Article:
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Liberia’s long wait to turn on the lights


Only 0.58 per cent of Monrovia residents have access to public electricity, as African nation rebuilds after civil war.

“My wife, she is still going to school at night, studying on a China light,” he said. “It is embarrassing. However, we did it to our self. And we just have to ask God to forgive us. This is the process that we are in.”

Bessi Marshall sits outside her home in near-total darkness. Around her, four young grandchildren huddle close, never venturing more than an arm’s length into the surrounding shadows. Despite living just a few houses back from the main road in Jallah Town, in central Monrovia, Marsha’s family has no electricity. The only light comes from a small cooking fire.

During the night, Marshall fears for her family’s safety. “I can’t sleep,” she says. “I stand at that window and am very afraid.”

In addition to security, Marshall, says that electricity – or current, as it is colloquially called – would let her children devote more time to their studies. In the evenings, one of her older sons, Sekou, goes to the main road to do his homework under a street light connected to the city’s electrical grid. But the traffic there is constant, making the area noisy and unsafe for younger children.

The family owns one small LED flashlight – a “China light”, as Liberians call them. But it doesn’t shine brightly enough to let everybody study at once, and Massa complains that its dim-white glow is painful on her eyes.

Only 0.58 per cent of the residents of this West African country have access to public electricity, according to a 2011 World Bank report. Outside the capital city, public power is practically unheard of. Those who do have access to the Liberian capital’s electrical grid pay $0.43 per kilowatt-hour (kWh), likely the highest rate in sub-Saharan Africa. The majority of businesses and some private homes run on diesel generators that carry a price of $3.96/kWh.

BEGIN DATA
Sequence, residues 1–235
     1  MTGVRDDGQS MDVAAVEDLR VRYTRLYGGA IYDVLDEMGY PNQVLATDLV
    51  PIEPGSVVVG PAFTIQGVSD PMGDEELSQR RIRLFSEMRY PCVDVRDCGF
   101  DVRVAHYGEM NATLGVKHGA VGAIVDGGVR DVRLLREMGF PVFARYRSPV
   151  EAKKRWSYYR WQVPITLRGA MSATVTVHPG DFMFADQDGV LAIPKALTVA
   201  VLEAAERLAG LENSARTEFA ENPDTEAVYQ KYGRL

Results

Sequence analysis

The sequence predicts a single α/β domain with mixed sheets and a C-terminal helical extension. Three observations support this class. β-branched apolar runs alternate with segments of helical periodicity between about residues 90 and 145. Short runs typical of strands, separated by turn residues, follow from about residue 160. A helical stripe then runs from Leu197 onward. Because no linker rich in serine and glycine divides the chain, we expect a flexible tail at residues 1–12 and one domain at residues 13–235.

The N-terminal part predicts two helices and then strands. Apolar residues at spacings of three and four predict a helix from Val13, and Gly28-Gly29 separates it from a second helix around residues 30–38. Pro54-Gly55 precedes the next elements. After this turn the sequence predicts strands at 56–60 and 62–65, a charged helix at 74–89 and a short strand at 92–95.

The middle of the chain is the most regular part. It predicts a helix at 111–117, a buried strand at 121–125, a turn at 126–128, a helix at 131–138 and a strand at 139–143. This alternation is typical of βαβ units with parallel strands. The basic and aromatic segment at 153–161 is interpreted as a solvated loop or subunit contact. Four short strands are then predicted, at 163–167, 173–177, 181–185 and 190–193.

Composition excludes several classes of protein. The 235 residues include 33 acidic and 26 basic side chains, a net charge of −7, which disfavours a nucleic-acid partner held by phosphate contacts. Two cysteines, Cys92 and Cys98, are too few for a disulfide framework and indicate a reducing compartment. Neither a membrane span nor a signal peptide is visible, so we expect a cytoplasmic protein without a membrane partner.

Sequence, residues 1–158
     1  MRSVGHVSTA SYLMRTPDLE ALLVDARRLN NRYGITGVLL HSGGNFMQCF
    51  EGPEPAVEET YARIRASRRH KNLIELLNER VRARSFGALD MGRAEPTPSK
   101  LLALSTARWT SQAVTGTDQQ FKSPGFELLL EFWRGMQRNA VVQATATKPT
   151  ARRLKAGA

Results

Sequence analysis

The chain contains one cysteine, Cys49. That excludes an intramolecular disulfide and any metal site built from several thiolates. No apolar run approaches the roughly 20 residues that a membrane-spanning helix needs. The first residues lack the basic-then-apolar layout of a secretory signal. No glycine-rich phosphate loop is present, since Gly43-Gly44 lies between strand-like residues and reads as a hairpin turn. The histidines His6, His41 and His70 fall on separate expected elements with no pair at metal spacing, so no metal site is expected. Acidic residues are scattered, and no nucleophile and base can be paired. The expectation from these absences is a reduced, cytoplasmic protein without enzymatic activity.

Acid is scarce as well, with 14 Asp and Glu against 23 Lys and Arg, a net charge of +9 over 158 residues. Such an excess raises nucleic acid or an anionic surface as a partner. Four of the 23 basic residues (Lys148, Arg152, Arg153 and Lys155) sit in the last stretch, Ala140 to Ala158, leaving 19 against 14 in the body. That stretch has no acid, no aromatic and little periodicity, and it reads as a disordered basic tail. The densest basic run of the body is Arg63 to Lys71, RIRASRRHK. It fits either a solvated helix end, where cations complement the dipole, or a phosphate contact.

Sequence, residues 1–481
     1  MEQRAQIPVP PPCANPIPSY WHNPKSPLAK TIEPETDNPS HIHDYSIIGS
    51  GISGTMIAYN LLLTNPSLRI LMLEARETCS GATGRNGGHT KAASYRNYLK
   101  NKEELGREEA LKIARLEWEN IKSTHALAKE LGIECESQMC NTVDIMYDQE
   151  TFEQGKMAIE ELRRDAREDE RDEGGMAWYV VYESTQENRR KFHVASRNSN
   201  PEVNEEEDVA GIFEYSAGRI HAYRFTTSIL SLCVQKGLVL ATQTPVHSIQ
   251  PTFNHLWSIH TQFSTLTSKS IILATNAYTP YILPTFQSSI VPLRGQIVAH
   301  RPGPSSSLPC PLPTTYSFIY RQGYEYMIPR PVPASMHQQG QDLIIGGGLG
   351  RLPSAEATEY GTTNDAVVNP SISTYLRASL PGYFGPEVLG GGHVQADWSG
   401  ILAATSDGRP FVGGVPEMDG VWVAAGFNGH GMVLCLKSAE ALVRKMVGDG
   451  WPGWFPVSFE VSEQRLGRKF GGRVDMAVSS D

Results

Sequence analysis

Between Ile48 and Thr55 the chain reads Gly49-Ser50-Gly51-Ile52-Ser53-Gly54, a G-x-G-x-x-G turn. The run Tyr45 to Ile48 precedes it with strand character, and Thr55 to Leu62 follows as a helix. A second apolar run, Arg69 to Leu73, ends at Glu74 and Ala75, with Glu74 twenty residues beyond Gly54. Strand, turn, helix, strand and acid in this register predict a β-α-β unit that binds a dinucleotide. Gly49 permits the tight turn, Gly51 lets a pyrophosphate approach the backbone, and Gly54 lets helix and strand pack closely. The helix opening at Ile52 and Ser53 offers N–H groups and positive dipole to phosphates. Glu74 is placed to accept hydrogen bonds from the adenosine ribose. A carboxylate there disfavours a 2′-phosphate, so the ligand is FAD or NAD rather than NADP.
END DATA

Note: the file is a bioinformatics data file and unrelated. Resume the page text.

Liberia’s energy sector was devastated by 14 years of civil conflict that only ended in 2003. Warlords deliberately targeted electrical infrastructure. The capital city was repeatedly the site of battles that left scars still visible today. And in the years of shaky peace that immediately followed the war, looters stripped bare anything that wasn’t already destroyed.

The connectivity rate is on the rise, and ambitious targets have been set. The 2009 Liberia National Energy Policy states that by 2015, the government expects 30 per cent of the country’s urban population and 15 per cent of those living in rural areas to have “reliable modern energy services”. And in a January 2012 address made shortly after Sirleaf was re-elected to a second term in office, she reaffirmed her administration’s commitment to restore electricity to Liberia.

But Monrovia residents say that they have heard it all before. Asked about the wait for electricity, they recalled a pledge “to turn on the lights” made by US legislator Nancy Pelosi during a visit to Liberia in 2006, or aborted negotiations with Brazilian firm Vale that attracted media attention in February 2011.

Now, hopes rest on plans to rehabilitate the Mount Coffee Hydropower Plant, which sits on the St Paul River less than 35km from Monrovia. If restored to pre-war conditions by the government’s stated goal of 2015, Mount Coffee’s expected 64 megawatts of electricity would significantly reduce the price of electricity in Liberia. The governments of Norway and Germany and the European Investment Bank (EIB) have announced plans to finance the project. But, even if the money were to arrive tomorrow, several officials interviewed said that a 2015 completion date is unrealistic.
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* Generator Man


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